By Joey Garrison / The Tennessean
Is state Rep. Joe Carr, R-Lascassas, the tea party candidate revving
up to challenge U.S. Sen. Lamar Alexander in next year's Republican
It appears that way.
Conservative talk show host Ralph Bristol of 99.7 WTN teased media on
Monday about an upcoming announcement from a guest on his show Tuesday
morning at around 7:05 a.m. that would "significantly alter the 2014
Meanwhile, Carr's campaign spokesman Justin Wax later confirmed to
The Tennessean that the state representative would be appearing on the
program at that same time.
Many observers are speculating the appearance will mark the coming-out-party for a long-awaited tea party candidate to challenge the 73-year-old Alexander, who has become a target of those from the far right.
All observers on Monday pointed to Carr.
Carr, who has been campaigning for the Republican primary against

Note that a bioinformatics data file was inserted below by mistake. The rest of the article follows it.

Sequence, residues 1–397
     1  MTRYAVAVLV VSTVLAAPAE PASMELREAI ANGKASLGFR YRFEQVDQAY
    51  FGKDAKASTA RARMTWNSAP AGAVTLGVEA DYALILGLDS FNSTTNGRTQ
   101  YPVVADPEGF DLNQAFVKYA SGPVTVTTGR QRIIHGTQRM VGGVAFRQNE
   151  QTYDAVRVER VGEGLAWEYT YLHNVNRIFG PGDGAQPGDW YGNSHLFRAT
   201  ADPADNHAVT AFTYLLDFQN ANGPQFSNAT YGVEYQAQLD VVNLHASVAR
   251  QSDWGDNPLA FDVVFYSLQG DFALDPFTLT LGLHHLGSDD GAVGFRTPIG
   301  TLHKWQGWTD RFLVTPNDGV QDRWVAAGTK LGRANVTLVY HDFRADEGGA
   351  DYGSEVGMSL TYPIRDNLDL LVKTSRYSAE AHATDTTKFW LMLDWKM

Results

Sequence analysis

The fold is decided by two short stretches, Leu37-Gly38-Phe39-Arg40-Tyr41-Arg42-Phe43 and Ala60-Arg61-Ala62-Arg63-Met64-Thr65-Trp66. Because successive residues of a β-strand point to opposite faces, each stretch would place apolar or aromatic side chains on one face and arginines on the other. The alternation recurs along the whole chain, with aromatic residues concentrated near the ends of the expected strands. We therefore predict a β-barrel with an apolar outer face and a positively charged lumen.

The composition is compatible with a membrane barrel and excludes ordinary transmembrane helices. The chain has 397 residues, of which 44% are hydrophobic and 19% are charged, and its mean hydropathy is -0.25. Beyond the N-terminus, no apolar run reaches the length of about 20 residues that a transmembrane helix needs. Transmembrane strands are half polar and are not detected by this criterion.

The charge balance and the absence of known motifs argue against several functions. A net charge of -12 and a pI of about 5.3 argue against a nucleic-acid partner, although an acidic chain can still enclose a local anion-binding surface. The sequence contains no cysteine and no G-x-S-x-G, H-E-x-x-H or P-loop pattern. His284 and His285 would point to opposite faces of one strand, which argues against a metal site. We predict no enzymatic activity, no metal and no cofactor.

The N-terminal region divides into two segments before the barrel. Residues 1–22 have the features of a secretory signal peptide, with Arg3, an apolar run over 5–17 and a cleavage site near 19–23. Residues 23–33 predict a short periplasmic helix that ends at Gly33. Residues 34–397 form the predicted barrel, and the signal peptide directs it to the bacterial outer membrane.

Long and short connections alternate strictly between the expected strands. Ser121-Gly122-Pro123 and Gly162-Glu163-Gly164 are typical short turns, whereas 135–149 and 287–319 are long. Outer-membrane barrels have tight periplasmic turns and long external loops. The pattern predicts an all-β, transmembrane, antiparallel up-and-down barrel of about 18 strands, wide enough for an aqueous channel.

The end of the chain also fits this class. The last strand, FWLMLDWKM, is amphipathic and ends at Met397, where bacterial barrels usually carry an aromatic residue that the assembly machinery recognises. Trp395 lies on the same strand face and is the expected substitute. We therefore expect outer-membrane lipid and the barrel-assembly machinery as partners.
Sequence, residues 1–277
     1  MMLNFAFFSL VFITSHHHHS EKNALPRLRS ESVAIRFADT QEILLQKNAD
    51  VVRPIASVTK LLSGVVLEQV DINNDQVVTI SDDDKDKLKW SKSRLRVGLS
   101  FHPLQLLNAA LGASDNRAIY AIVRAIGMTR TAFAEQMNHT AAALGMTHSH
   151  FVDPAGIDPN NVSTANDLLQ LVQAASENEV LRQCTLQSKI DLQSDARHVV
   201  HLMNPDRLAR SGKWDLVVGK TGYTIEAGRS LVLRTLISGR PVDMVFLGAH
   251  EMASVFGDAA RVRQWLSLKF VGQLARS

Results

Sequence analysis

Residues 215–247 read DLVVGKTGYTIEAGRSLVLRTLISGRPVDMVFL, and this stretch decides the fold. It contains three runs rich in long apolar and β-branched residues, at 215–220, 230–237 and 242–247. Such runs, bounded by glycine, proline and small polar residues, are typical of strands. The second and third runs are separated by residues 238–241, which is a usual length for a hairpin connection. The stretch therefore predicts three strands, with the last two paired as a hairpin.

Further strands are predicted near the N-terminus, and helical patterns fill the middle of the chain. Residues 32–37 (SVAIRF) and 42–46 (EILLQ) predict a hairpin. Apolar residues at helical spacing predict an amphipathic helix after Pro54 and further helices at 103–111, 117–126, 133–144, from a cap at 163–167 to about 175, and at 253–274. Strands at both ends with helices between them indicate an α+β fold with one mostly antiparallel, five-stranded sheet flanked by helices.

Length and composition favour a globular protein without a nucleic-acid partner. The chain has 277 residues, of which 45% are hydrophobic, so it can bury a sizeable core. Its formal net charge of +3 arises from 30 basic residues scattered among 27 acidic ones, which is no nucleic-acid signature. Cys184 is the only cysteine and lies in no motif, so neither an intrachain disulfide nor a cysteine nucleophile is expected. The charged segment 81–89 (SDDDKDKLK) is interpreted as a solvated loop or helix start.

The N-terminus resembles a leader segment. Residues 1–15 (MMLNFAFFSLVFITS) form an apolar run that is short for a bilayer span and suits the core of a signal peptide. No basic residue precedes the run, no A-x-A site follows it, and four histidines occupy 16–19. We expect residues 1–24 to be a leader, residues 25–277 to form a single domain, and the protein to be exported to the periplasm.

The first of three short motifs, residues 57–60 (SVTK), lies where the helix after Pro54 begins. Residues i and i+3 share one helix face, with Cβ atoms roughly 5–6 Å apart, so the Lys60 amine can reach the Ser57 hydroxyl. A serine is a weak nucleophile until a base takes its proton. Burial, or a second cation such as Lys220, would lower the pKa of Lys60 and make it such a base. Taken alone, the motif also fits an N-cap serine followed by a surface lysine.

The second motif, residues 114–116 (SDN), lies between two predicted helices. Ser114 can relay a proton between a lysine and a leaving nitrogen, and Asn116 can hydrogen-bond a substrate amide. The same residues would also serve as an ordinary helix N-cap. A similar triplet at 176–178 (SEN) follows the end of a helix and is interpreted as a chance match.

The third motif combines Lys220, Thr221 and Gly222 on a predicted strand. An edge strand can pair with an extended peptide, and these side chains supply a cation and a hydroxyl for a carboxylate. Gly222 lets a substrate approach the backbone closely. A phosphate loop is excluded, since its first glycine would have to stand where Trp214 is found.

state Rep. Scott Desjarlais but struggling to raise enough money, on
Monday issued a press release of his own that alluded to a significant
announcement his campaign would be making later Tuesday morning in
Carr didn't responded to numerous messages left by The Tennessean.
Organizers of the radio show would only confirm that Knox County
Mayor Tim Burchett and former Williamson County chairman Kevin Kookogey
wouldn't be on the radio show tomorrow.
Both have been speculated as possible Alexander challengers.
Carr, a fierce advocate of the Second Amendment and frequent sponsor
of bill that have irritated immigrant advocates, was elected to his
House seat in 2008.
In order to enter the U.S. Senate primary, he would need to exit a different race:
Carr is currently running against the embattled DesJarlais for the
GOP nomination in the state's 4th congressional district. But keeping up
with state Sen. Jim Tracy, R-Shelbyville, another challenger, has
Carr raised $100,225 during the most recent financial quarter compard
to $296,393 for Tracy. Meanwhile Tracy's cash-on-hand tally is
$656,201, more than double Carr's $275,000.
If Carr does challenge Alexander, it is unclear whether all tea party activists in Tennessee will rally around him.
Numerous tea party organizations had already arranged a series of
upcoming "vetting" sessions, beginning in August, in which they were to
find their consensus tea party pick.